Brett Williams's Reviews > Fashionable Nonsense: Postmodern Intellectuals' Abuse of Science

Fashionable Nonsense by Alan Sokal
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it was amazing

Postmodern medicine that tastes good!

This book will keep you laughing for hours. It’s about The Sokal Hoax, a phony article made up of esoteric scientific jargon applied to social issues through convolutions of logic and obfuscated language. Sokal then infiltrated postmodernist turf when he got his paper published in one of their premier journals, “Social Text: A daring and controversial leader in the field of cultural studies.” The paper was an instant smash throughout postmodern circles, later to win the 1996 Ig Noble Award – more than Sokal could hope for.

Sokal, a professor of physics, canvassed what looks like hundreds of postmodern papers flushed in untreated torrents from academia. By pulling together this nasty set of aromas he creates a bouquet for those he drenches with praise throughout the hoax by applying Lodge’s maxim, “It is impossible to be excessive in flattery of one’s peers.” Like any good snake oil salesman, Sokal simply kludged the language into what postmoderns want to hear most, “that physical reality is at bottom a social and linguistic construct,” he writes. Thus science is mere politics, another Western bias, nothing whatsoever to do with the realities of nature. (Ignoring the curing of small pox, man on the moon, Voyager to Saturn, computers, TVs, cell phones, planes, trains and automobiles.) There is thus no objective truth, allowing postmoderns to tell us what it really is.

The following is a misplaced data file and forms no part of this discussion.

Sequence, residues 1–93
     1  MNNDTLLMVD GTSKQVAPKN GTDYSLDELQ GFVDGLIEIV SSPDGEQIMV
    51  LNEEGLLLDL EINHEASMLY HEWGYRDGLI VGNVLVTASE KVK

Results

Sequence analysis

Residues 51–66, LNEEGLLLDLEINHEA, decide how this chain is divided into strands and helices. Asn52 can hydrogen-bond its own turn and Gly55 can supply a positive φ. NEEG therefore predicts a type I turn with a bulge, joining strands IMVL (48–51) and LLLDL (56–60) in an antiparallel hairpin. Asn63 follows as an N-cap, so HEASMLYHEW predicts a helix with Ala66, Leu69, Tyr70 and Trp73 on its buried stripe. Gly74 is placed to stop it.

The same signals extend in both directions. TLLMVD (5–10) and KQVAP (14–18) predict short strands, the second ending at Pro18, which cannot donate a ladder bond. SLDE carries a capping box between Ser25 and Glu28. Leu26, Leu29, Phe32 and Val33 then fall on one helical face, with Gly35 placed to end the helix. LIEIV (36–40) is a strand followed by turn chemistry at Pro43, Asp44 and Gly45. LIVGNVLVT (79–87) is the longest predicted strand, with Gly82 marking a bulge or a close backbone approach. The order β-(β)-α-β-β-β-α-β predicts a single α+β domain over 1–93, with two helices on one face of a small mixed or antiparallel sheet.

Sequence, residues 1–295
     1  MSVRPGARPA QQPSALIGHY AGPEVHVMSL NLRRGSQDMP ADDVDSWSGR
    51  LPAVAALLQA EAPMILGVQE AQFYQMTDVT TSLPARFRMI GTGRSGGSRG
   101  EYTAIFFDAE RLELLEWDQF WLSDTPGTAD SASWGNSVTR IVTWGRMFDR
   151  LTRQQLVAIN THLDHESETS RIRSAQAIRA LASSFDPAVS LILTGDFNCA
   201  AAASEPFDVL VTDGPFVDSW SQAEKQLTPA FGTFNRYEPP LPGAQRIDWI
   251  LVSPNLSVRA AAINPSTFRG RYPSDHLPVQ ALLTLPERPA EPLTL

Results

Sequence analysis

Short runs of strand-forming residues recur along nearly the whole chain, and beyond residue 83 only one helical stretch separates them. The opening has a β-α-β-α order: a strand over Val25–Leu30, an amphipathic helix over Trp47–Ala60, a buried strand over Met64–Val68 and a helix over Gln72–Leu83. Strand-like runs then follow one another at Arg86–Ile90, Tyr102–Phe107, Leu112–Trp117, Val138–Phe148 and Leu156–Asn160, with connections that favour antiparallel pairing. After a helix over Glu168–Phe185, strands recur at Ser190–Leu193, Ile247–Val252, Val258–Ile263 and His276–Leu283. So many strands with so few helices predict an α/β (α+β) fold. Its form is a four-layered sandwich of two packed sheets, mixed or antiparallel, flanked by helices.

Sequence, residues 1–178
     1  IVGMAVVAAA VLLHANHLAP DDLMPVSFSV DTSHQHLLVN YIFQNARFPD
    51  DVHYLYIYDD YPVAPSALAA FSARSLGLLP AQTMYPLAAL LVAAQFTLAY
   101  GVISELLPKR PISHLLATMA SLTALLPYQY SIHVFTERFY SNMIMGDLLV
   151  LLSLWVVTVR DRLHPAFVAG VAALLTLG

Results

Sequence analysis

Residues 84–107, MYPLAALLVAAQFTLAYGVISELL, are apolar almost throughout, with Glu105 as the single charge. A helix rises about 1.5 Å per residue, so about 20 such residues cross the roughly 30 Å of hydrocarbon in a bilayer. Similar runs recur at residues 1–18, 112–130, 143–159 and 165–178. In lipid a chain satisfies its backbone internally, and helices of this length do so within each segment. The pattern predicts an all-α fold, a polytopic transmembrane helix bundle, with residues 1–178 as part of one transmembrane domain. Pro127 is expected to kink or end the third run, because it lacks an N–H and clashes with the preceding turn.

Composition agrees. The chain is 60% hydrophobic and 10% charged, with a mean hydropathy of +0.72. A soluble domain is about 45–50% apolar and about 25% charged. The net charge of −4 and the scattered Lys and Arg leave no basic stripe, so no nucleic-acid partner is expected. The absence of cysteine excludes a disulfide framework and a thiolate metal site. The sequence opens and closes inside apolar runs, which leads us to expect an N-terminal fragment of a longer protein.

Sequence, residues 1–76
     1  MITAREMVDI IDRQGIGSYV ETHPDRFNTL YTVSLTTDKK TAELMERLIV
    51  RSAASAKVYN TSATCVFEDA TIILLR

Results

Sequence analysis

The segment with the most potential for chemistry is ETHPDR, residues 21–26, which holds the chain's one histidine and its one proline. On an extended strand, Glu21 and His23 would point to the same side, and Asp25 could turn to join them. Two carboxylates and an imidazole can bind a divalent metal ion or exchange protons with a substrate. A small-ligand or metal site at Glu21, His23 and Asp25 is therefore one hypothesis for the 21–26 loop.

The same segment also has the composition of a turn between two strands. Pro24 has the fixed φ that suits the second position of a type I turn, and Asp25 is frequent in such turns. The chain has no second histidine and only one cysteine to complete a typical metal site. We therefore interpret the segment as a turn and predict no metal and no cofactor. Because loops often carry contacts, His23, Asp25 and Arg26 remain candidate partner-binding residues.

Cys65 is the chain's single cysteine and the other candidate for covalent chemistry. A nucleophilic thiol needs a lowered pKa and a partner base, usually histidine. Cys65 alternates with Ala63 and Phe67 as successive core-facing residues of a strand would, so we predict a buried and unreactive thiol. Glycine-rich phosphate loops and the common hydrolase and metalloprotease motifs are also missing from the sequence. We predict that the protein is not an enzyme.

At some point Sokal could bare no more praise heaped high, nor references to his “ground-breaking work” among postmodern publications, so he revealed the article for what it was. Not only did the kings and queens have no clothes, but their bodies looked so funny under the optic of Sokal’s glare. They’d been duped and they knew it. Wheels of postmodern correctness squealed into reverse to say they’d always known Sokal was a fake.

Sokal makes postmodernism fun, and shows us there’s a good chance we’ve been misunderstanding these people for these last fifty years – they’re really comedians. And to think we took them seriously. If the public only knew what academic freedom protected at the university at their tax dollar’s expense, they might not be laughing.
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Reading Progress

Started Reading
October 10, 2007 – Finished Reading
April 1, 2014 – Shelved

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